Bingo, gambling and the rule of law

Published 12:00 am Saturday, March 30, 2013

By Cameron Smith

For years, Alabamians have read news articles, listened to radio talk shows, or spoken to politicians about gambling in the state. Even so, the issue seems to be a significant source of confusion about policy, politics, and the rule of law.

The gambling conversation has percolated again after Alabama Attorney General Luther Strange raided the VictoryLand casino and filed suit against the gambling operations of the Poarch Creek Indians earlier this year.

With certain exceptions, Alabama law currently prohibits gambling. But because many seem to be confused about what is, and what is not, gambling, virtually every aspect of gambling has been even further clarified by the courts.

Slot and video poker machines clearly fall within the purview of Alabama’s gaming prohibitions, but gambling establishment operators have become creative in their attempt to keep the doors open and the dollars flowing. Alabama law permits bingo for charitable purposes in certain counties. Gambling operators have availed themselves of the charitable bingo provisions by essentially casting slot machines as instances of electronic bingo.

This prompted the Alabama Supreme Court to issue opinions in 2009 and 2010 establishing six elements for identifying “bingo.” Anyone with an ounce of common sense should know the difference between a slot machine and the game of bingo, but, in Alabama, we have a legal test for it.

To further complicate matters, Indian gambling operators assert that their operations are governed by the Indian Gaming Regulatory Act (IGRA) under the authority of the National Indian Gaming Commission. As such, they claim that their operations are exempt from state law and state law enforcement.

IGRA specifically states that Indian tribes only have the exclusive right to regulate gaming activity if it is “conducted within a State that does not…prohibit such gaming activity.” IGRA also excludes slot machines from its definition of “bingo.”

Much like their state-based counterparts, Indian gambling operators have argued that their slot machines are actually electronic bingo machines. The only important difference is that they argue that Indian operators are exempt from the Alabama Supreme Court’s test to determine the difference between the two gaming devices.

The fundamental point is that the gambling machines operating in Alabama are slot and video poker machines poorly masquerading as “electronic bingo.” The notion that patrons could play a full game of bingo in the amount of time it takes to pull the lever or press a button on a machine is a tortured attempt to circumvent Alabama’s current law.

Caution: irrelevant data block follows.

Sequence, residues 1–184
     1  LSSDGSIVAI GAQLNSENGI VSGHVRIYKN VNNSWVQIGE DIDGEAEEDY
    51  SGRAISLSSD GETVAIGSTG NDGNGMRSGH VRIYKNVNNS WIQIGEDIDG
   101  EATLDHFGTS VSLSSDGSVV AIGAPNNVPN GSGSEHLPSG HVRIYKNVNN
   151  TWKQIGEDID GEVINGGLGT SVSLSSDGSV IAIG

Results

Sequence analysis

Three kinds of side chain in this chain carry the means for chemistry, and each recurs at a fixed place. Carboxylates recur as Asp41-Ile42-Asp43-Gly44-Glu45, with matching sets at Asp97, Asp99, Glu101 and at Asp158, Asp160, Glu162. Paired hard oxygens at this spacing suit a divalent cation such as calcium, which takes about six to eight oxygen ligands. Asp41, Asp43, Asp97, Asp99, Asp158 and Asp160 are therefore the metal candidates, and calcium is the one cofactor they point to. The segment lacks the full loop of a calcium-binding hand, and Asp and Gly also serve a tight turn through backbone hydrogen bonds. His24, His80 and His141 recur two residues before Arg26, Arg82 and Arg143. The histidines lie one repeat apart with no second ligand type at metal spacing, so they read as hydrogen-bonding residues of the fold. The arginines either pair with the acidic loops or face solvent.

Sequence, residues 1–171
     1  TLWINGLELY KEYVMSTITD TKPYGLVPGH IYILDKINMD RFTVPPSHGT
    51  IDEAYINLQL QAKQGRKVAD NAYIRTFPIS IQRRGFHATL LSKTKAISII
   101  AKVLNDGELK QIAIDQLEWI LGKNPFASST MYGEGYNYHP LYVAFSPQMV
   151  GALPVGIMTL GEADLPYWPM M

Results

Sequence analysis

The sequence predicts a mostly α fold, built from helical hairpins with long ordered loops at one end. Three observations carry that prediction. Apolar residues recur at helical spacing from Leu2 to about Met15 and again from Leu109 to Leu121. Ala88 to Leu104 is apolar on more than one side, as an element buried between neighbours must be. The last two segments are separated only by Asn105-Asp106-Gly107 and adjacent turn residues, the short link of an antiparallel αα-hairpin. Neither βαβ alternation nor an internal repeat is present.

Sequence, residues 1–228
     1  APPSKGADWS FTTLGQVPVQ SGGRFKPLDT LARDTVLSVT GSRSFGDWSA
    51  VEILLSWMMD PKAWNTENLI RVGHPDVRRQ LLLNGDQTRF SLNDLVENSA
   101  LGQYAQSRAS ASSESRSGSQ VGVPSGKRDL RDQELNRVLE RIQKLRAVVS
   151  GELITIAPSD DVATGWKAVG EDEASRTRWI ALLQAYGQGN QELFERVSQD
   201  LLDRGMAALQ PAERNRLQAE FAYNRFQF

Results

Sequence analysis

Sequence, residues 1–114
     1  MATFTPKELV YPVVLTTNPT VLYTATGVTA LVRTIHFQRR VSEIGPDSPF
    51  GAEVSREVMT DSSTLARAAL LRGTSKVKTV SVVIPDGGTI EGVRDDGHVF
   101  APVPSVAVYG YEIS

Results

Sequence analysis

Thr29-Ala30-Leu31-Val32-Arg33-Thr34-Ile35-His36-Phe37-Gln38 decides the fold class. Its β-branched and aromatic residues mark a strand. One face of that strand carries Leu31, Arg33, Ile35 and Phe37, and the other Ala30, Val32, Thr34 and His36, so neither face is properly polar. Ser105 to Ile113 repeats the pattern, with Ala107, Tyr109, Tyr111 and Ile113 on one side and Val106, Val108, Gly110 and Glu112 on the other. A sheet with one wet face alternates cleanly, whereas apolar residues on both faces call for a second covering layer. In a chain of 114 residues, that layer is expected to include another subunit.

Recently, Attorney General Strange has drawn fire for continuing to aggressively enforce Alabama’s gambling prohibitions. Even retired U.S. Magistrate Judge Vanzetta McPherson has suggested that upholding the state’s gambling laws is not one of the “consequential issues that really matter.”

But faithfully enforcing the law in Alabama does matter. While some Alabamians may be ambivalent towards gambling in the state, they should not be about ensuring that the current laws of the state are upheld.

If, as Judge McPherson claims, the will of the people of Alabama is so overwhelmingly supportive of expanding gambling, then why were Democrats, enjoying the support of gambling operators, unable to legalize gambling in Alabama for decades? Why would Alabamians have elected so many Republican legislators, many who campaigned specifically against gambling?

By pursuing Indian gambling operators, Attorney General Strange has defied the convenient political narrative that Republicans have prosecuted non-Indian operators in Alabama while enjoying the political support of Indian operators seeking to stifle the growth of their competition.

As long as gambling is illegal in Alabama, the Attorney General does not have the option to unilaterally decline to enforce the law. Gambling operators and their patrons may continue to seek legalization through the democratic process, but the Attorney General, regardless of party, must enforce the laws as they are, not as some wish them to be.


Cameron Smith is Policy Director and General Counsel for the Alabama Policy Institute.